Patriotism in India fosters a serious debate regarding its characterisation. Anyone who does not agree with the views of the majority is often branded as a traitor. The recent viral video of some movie-goers in Bengaluru being hounded for their refusal to stand during the playing of the national anthem before the screening of the movie, brings to the fore this dilemma on patriotic ideals. People tend to forget that it takes a diverse set of individuals to form a nation. Such a militant patriotic response to a varying understanding of “patriotism” stands against the very core of democracy. In this light, it becomes apposite to delve into whether or not it is mandatory to stand-up during the playing of the National Anthem in a movie-hall. We shall here attempt to answer the question from a legal standpoint.
The 2016 Supreme Court Ruling
In November 2016, in a widely criticized move, the Supreme Court held it to be mandatory for movie-theatres to play the National Anthem before the screening of every movie; and cast upon all cinema-goers the obligation to stand-up during such playing. The bench headed by Justice Dipak Mishra found the order necessary to instil a sense of “committed patriotism and nationalism” in people.
Patriotism and the Fundamental Right to Expression
Patriotism is a very personal sentiment, with individuals having the right to express it in their own way, as has been ingrained in the constitutional right to freedom of expression. The 2016 ruling reeked of forced patriotism which goes against the very grain of freedom of expression.
The analogous reasoning adopted by Supreme Court in Bijoe Emmanuel v. State of Kerala, fortifies this argument. A school in Kerala was ordered to take back three children who desisted from singing because of their conviction that their religion doesn’t permit them to join rituals except in prayer. The Court, while upholding the children’s right to freedom of speech and expression and right to religion categorically held –“…There is no provision of law which obliges anyone to sing the National Anthem…”
The court ruled that it is not disrespectful if a person stands-up respectfully when the Anthem is sung but doesn’t join in singing. The court, however, did not deal with the issue of whether it would be disrespectful to not stand during the National Anthem. The judgment ended with the message – “Our tradition teaches tolerance; our philosophy preaches tolerance; our Constitution practises tolerance; let us not dilute it.”
The Court in Excel Wear Etc. v. Union of India had held that fundamental rights, under Article 19 of the Indian Constitution, have reciprocal rights. This implies that the “right to freedom of speech includes the right not to speak and the right not to form an association is inherent in the right to form associations”. Congruently, the right to expression should also embrace the right not to express. The expression of patriotism ought to be left to an individual’s personal choice. A mandate of law would be an underestimation of the institutions of free minds.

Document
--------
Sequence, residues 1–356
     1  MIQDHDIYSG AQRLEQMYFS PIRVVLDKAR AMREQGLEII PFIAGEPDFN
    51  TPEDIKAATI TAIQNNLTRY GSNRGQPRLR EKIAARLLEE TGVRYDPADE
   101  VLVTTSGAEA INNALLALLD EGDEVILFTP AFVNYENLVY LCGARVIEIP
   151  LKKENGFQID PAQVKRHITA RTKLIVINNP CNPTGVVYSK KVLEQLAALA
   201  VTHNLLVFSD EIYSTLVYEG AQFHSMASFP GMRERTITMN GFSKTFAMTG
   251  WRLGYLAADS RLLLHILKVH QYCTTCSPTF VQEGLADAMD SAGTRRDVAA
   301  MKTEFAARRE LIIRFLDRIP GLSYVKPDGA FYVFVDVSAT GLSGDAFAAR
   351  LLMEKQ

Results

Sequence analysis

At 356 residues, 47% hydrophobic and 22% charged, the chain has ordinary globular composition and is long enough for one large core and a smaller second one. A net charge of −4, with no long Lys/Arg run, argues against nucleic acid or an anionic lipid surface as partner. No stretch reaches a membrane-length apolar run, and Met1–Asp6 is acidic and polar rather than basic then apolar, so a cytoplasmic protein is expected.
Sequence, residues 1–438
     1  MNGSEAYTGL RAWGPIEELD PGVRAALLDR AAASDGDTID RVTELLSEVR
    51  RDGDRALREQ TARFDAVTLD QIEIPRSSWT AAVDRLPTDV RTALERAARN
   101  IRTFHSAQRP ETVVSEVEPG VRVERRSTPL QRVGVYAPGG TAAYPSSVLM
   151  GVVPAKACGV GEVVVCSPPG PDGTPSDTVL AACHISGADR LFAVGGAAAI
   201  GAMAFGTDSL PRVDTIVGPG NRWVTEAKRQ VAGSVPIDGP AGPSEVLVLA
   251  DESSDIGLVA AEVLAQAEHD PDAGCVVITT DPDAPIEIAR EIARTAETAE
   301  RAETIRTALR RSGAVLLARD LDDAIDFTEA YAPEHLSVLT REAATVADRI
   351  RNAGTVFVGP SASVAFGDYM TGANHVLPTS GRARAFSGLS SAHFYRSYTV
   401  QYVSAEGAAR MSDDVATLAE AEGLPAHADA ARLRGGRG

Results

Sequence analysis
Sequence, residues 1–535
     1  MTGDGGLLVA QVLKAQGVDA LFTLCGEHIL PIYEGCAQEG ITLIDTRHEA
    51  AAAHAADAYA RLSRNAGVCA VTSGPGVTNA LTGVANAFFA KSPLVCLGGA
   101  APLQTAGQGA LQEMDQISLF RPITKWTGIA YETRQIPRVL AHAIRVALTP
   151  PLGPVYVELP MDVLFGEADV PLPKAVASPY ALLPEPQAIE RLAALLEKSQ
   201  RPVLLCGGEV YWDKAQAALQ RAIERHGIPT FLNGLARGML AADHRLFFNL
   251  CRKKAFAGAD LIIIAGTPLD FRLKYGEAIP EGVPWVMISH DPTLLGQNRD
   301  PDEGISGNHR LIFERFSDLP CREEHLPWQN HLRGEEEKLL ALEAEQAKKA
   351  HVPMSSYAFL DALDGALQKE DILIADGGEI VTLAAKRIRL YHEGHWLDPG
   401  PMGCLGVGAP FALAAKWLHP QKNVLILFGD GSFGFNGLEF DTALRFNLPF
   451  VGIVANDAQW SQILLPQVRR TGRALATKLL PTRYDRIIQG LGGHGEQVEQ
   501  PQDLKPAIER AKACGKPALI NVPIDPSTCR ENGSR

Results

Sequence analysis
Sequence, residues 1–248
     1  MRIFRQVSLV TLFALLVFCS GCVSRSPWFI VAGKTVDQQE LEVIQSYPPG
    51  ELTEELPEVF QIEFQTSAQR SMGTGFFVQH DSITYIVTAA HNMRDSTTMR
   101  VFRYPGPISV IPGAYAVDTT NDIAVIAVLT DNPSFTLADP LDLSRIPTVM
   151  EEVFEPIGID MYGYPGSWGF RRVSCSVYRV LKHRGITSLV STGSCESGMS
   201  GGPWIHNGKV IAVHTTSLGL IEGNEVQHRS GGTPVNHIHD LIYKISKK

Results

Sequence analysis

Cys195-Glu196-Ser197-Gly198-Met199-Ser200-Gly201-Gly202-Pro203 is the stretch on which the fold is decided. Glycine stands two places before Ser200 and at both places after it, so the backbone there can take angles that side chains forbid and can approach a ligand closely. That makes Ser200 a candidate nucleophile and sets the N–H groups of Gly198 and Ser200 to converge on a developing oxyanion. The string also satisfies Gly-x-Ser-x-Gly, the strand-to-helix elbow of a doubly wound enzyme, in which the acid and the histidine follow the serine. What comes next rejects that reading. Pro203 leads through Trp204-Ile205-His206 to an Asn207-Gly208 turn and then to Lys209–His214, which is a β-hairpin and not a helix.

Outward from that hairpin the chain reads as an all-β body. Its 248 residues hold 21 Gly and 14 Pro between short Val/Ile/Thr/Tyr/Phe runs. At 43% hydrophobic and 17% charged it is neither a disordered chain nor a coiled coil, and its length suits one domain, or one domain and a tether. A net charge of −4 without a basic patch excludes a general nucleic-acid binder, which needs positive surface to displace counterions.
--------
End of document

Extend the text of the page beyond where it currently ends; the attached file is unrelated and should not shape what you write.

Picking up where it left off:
Reasonable Restrictions to the Freedom of Expression
Where Article 19(1)(a) guarantees to all citizens the freedom of speech and expression, Article 19(2) allows it to be restricted by an existing law or that made by the State. However, it does not contemplate restriction through any other mechanism. In Bijoe Emmanuel case, the Court clearly laid down that there can be no incursion into the ambit of fundamental rights without statutory backing.
The Court’s recourse to ‘constitutional-patriotism’ to justify the mandatory order in the 2016 judgement was an extra-constitutional principle, to restrict fundamental rights without any constitutional/statutory basis. In the case of Naresh Mirajkar v. State of Maharashtra, the court categorically held that a Supreme Court order cannot be challenged by a writ petition as being in violation of fundamental rights. By insulating itself from its decisions being challenged in writ proceedings for violating Article 19(1)(a) of the Constitution, the court now cannot curtail speech by equating judicial opinions to “law” under Article 19(2). Supreme Court’s attempt to curtail the freedom of expression in the 2016 judgement therefore stood as a blatant judicial over-reach.
Patriotism and Fundamental Duties
Article 51A(a) of the Constitution casts a duty on the citizens to ‘abide by the Constitution and respect its ideals and institutions, the national flag and the national anthem’. However, it does not prescribe specific standards such as being required to sing or/and stand to show respect. Additionally, while there is an inherent compulsion to comply, there is no legal sanction provided for non-performance of such duties.